McGriff got 169 votes (39.8%) in his final year on the Baseball Writers’ Association of America ballot in 2019. Now, he will be inducted into Cooperstown on July 23, along with anyone chosen in the writers’ vote, announced Jan. 24.

“It’s all good. It’s been well worth the wait,” said McGriff, who played his last big league game in 2004.

It was the first time that Bonds, Clemens and Schilling had faced a Hall committee since their 10th and final appearances on the Baseball Writers’ Association of America ballot. Bonds and Clemens have been accused of using performance-enhancing drugs, and support for Schilling dropped after he made hateful remarks toward Muslims, transgender people, reporters and others.

While the 59-year-old McGriff received unanimous support from the 16 members of the contemporary baseball era committee – comprised of Hall members, executives and writers – Schilling got seven votes, and Bonds and Clemens each received fewer than four.

The makeup of the committee likely will change over the years, but the vote was another indication that Bonds and Clemens might never make it to the Hall.

This year’s contemporary era panel included Greg Maddux, who played with McGriff on the Braves, along with Paul Beeston, who was an executive with Toronto when McGriff made his big league debut with the Blue Jays in 1986.

Another ex-Brave, Chipper Jones, was expected to be part of the committee, but he tested positive for COVID-19 and was replaced by Arizona Diamondbacks President Derrick Hall.

The contemporary era committee considers candidates whose careers were primarily from 1980 on. A player needs 75% to be elected.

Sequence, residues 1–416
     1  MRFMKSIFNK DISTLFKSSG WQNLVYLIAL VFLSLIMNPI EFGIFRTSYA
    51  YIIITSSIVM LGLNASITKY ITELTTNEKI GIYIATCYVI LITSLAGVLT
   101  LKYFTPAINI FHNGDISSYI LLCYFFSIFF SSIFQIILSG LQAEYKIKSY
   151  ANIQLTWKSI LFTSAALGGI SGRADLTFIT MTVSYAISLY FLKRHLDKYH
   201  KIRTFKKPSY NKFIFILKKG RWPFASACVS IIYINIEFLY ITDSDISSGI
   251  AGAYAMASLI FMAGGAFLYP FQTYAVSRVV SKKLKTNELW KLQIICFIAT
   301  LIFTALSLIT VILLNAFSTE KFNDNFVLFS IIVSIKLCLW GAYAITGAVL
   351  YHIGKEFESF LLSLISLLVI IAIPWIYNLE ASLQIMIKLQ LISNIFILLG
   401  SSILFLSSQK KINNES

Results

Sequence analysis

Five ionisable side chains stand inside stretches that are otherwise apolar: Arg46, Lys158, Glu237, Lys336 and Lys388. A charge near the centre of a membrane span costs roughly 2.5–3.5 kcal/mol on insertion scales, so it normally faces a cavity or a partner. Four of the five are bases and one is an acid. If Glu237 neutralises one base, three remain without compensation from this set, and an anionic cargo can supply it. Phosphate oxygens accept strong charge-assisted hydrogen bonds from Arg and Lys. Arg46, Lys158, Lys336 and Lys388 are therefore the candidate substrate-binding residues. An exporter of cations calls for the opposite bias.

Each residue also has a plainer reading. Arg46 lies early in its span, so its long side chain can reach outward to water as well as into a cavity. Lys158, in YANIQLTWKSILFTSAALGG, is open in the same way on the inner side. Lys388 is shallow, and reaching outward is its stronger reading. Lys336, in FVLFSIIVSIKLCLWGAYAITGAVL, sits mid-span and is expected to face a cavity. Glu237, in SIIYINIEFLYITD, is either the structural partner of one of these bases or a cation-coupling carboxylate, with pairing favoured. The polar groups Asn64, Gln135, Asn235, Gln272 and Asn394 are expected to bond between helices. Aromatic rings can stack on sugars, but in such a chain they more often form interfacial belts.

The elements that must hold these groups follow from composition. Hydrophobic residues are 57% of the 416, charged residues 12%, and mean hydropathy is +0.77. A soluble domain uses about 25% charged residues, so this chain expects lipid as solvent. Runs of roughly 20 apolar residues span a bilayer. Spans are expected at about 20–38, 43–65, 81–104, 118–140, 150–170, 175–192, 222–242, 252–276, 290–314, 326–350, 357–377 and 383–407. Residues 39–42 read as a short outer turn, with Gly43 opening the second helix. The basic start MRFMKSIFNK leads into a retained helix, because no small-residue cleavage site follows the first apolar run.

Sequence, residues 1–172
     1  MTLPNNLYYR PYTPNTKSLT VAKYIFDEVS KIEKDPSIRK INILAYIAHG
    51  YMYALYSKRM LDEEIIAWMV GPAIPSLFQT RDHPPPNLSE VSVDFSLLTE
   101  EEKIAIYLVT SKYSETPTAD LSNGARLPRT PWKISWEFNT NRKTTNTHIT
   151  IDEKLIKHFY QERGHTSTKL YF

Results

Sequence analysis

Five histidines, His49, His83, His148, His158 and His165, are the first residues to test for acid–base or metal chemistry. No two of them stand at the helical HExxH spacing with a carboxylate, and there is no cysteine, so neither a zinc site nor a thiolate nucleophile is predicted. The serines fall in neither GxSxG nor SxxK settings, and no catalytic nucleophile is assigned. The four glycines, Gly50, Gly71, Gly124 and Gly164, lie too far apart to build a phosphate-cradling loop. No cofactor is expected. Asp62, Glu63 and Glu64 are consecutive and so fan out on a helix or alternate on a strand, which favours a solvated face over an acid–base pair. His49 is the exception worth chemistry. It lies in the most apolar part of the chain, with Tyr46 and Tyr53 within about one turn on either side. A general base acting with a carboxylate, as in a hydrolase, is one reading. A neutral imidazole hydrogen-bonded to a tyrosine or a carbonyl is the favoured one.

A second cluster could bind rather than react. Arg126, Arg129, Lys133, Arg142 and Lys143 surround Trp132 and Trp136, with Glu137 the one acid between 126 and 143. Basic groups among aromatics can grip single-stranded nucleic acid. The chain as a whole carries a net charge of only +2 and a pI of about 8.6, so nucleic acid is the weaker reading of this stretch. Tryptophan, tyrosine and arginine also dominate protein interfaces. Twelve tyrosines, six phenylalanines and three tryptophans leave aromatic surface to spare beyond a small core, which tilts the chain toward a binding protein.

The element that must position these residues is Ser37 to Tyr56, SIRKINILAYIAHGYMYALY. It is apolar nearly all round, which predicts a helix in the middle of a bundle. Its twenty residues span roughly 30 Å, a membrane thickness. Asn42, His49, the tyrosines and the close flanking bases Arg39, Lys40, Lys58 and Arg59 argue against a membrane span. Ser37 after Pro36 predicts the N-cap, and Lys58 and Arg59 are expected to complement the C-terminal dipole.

“It’s tough deciding on who to vote for and who not to vote for and so forth,” McGriff said. “So it’s a great honor to be unanimously voted in.”

In addition to all his big hits and memorable plays, one of McGriff’s enduring legacies is his connection to a baseball skills video from youth coach Tom Emanski. The slugger appeared in a commercial for the product that aired regularly during the late 1990s and early 2000s – wearing a blue Baseball World shirt and hat.

McGriff said he has never seen the video.

“Come Cooperstown, I’ve got to wear my blue hat,” a grinning McGriff said. “My Tom Emanski hat in Cooperstown. See that video is going to make a revival now, it’s going to come back.”

Hall of Famers Jack Morris, Ryne Sandberg, Lee Smith, Frank Thomas and Alan Trammell also served on this year’s committee, which met in San Diego at baseball’s winter meetings.

Rafael Palmeiro, Albert Belle, Don Mattingly and Dale Murphy rounded out the eight-man ballot. Mattingly was next closest to election, with eight votes of 12 required. Murphy had six.

Bonds, Clemens and Schilling fell short in January in their final chances with the BBWAA. Bonds received 260 of 394 votes (66%), Clemens 257 (65.2%) and Schilling 231 (58.6%).

Palmeiro was dropped from the BBWAA ballot after receiving 25 votes (4.4%) in his fourth appearance in 2014, falling below the 5% minimum needed to stay on. His high was 72 votes (12.6%) in 2012.

Bonds has denied knowingly using performance-enhancing drugs, and Clemens maintains he never used PEDs. Palmeiro was suspended for 10 days in August 2005 following a positive test under the major league drug program.

A seven-time NL MVP, Bonds set the career home run record with 762 and the season record with 73 in 2001. A seven-time Cy Young Award winner, Clemens went 354-184 with a 3.12 ERA and 4,672 strikeouts, third behind Nolan Ryan (5,714) and Randy Johnson (4,875). Palmeiro had 3,020 hits and 568 homers.

Schilling fell 16 votes shy with 285 (71.1%) on the 2021 BBWAA ballot. The right-hander went 216-146 with a 3.46 ERA in 20 seasons, winning the World Series with Arizona in 2001 and Boston in 2004 and 2007.

Theo Epstein, who also served on the contemporary era committee, was the GM in Boston when the Red Sox acquired Schilling in a trade with the Diamondbacks in November 2003.

Players on Major League Baseball’s ineligible list cannot be considered, a rule that excludes Pete Rose.